Peterborough Green Party supports a campaign called '20's Plenty' that aims to encourage drivers to slow down in residential areas, particularly around schools and other areas where children congregate. There is no expectation that drivers will all slow down to 20mph, but the hope is that seeing the signs will remind drivers that residential areas are not motorways and that it's all to easy to knock down a child or animal when you're going too fast in a built-up area.

What do you think about this? Would '20s Plenty' make a difference to the road safety in your street?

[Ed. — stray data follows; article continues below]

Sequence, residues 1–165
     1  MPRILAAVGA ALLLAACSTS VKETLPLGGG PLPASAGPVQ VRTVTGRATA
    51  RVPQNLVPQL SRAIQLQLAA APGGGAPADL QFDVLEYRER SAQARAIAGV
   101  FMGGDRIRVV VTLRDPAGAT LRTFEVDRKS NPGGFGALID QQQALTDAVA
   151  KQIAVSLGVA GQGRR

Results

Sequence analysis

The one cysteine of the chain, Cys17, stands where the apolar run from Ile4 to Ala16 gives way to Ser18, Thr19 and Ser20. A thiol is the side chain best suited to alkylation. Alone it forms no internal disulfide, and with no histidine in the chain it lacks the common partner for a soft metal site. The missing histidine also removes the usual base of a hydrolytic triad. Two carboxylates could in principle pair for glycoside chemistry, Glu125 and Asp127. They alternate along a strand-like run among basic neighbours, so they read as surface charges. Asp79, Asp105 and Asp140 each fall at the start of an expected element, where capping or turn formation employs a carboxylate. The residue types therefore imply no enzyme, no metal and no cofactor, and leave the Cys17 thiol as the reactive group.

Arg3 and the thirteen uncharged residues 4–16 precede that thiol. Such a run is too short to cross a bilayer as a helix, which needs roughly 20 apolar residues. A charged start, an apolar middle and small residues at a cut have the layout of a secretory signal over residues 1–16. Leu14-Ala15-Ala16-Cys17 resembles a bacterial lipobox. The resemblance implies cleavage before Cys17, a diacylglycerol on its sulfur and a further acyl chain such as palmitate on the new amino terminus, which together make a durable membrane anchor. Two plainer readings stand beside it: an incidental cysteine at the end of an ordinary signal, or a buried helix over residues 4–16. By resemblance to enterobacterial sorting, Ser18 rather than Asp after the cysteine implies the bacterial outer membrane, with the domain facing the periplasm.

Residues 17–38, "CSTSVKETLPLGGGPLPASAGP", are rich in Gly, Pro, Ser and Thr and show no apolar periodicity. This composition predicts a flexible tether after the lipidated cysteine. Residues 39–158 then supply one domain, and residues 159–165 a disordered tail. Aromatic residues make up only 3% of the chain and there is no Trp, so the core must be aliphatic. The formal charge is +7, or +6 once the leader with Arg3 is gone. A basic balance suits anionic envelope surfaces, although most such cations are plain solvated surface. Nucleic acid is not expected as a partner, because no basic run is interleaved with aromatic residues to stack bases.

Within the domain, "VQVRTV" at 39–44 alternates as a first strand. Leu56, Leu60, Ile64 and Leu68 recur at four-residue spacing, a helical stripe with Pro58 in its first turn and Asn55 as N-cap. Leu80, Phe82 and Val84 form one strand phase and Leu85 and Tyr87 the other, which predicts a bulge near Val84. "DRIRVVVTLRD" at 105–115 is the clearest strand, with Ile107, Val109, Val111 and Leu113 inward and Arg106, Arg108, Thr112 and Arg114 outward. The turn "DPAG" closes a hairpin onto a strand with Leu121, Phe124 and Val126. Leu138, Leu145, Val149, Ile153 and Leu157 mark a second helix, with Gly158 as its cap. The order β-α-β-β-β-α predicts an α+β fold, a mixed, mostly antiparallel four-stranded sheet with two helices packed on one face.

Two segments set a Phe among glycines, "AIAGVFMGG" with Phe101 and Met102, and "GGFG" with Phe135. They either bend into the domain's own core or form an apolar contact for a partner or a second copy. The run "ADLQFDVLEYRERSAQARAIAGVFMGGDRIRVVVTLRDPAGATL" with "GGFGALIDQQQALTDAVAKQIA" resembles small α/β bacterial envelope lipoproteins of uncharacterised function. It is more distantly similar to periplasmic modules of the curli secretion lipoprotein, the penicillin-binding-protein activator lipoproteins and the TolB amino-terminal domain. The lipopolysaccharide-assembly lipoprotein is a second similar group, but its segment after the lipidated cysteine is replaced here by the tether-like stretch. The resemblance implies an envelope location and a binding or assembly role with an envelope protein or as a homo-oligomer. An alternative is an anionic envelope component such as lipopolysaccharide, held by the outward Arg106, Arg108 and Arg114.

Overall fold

20's plenty where people live

The Orton Wanderer!

Let's finish this post with a heart-warming story, that serves a as a reminder of how wonderful our community in Orton truly is.

Orton Southgate has an active residents' association and a Facebook group where residents share information and post messages of concern. It was about 10pm one evening in April when I spotted a call for help. A lady living in Orton Southgate had discovered a cat behind a shed in her garden that appeared to be lost. The usual advice if you see a cat that you believe may be missing from home is to leave the cat where it is but give it access to water. Put posters up in nearby streets and put messages out on social media in the hope the owners will recognise the description of the cat and come to collect it. Cats roam, and in many cases will find their own way home.